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3 of My Favorite Comments

Gray Miller

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and why they bring me such delight.

After a giddy few months of riding the Dopamine Rollercoaster that are reader stats and earnings, I finally decided to retire peacefully into simply watching for comments from readers.

After all, if they not only spent time reading my screeds all the way through but then felt it worth a few extra clicks to write complete sentences, they deserved my time and attention.

Here are three of the most delightful comments I’ve received — though I believe only one of them is intended as such.

Mr. Math and the Appeal to Authority

In response to this piece, Simon Clifford took it upon himself to explain why I was wrong:

I’d have another little look at the conditions and requirements for use of the principle — you can’t throw it at anything you can count. While you’re researching the science and mathematics of probability distributions of decisions influenced by human behaviour (of which the Pareto Principle is an example), see what you can find showing the contrasting behaviour of Gaussian and non Gaussian distributions. In particular consider the effect of Galton’s “regression to the mean” (for Gaussian distributions) and regression to the tail (for non-Gaussian distributions) and I think you’ll discover something quite astonishing about the effects of human behaviour on the allocation of resources, which is, of course, why the 80/20 rule is so significant and not merely an arithmetic oddity, as you propose.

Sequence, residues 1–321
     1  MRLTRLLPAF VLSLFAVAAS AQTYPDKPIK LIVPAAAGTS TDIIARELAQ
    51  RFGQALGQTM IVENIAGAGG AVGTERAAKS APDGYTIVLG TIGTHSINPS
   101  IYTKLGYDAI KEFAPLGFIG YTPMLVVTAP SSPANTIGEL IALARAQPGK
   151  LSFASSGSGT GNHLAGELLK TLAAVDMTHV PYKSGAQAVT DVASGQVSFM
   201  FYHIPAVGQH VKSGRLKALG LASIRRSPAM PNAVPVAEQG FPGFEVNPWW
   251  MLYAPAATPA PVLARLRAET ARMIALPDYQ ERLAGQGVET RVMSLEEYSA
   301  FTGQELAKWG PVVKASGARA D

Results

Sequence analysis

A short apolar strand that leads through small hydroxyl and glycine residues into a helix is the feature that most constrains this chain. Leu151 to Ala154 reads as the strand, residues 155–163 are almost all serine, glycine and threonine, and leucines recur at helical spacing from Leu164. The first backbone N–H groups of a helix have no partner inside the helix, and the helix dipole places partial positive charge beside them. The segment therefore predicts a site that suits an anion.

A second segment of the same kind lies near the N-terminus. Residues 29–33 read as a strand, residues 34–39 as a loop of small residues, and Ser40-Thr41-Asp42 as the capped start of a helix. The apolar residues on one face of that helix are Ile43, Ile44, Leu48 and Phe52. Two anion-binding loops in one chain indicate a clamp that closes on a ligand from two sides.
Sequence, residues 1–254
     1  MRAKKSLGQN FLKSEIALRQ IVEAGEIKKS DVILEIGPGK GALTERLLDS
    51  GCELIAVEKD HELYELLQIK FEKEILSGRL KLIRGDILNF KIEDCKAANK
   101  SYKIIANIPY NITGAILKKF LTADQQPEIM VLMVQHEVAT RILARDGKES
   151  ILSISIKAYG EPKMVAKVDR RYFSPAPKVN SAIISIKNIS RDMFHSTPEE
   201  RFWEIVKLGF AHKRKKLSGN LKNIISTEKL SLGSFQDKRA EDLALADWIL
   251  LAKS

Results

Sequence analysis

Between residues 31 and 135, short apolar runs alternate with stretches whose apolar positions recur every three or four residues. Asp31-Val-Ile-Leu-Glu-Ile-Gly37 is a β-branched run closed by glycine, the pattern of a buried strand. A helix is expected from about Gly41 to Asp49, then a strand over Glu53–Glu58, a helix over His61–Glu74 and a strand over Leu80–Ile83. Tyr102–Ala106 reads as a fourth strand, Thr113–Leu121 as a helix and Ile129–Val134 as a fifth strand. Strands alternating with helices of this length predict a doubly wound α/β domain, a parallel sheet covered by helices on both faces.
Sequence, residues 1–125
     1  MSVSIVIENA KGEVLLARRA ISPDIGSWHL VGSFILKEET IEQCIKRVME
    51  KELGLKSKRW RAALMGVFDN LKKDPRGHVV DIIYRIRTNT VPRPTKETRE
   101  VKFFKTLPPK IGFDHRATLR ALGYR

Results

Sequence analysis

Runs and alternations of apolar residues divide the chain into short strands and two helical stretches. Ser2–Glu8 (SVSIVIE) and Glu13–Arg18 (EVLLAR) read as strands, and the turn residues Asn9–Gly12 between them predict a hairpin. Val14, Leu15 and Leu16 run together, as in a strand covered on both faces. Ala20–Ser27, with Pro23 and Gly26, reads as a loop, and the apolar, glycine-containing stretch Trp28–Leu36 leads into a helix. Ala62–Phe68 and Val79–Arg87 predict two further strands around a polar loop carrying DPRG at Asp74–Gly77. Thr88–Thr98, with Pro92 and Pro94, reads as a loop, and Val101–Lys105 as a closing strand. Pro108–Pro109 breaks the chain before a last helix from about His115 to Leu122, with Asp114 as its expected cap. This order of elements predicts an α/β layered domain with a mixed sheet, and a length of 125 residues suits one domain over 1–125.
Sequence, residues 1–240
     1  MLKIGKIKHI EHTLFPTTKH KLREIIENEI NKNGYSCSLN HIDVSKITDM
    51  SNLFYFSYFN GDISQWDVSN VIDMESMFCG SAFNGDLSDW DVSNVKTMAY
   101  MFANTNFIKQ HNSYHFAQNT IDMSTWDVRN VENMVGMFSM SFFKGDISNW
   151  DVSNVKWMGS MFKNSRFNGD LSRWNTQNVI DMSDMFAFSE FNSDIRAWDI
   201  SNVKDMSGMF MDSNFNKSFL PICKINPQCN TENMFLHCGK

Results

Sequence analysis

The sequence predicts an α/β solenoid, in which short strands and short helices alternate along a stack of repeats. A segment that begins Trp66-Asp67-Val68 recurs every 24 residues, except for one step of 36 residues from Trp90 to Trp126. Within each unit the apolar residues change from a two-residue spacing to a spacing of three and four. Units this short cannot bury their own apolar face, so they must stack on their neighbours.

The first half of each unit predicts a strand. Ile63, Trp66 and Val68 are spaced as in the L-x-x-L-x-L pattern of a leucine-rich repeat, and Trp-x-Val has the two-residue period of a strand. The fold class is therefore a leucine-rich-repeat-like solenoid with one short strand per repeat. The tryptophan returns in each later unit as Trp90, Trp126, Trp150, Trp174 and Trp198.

When I read this, I can’t help but hear it in an Oxford accent.

Unfortunately, I only barely made it through Algebra 2 in college, and never got introduced to Galton (and all I know of Gauss is the neat little blur he makes in Photoshop).

I’m going to give a generous reading to this and thank Mr. Clifford for presuming that either understood or had time to explore the regressed tails and astonishing effects of human behaviour on any number of things.

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Gray Miller

Gray is a former Marine dancer grandpa visualist who writes to help adults figure out what they want to be when they grow up.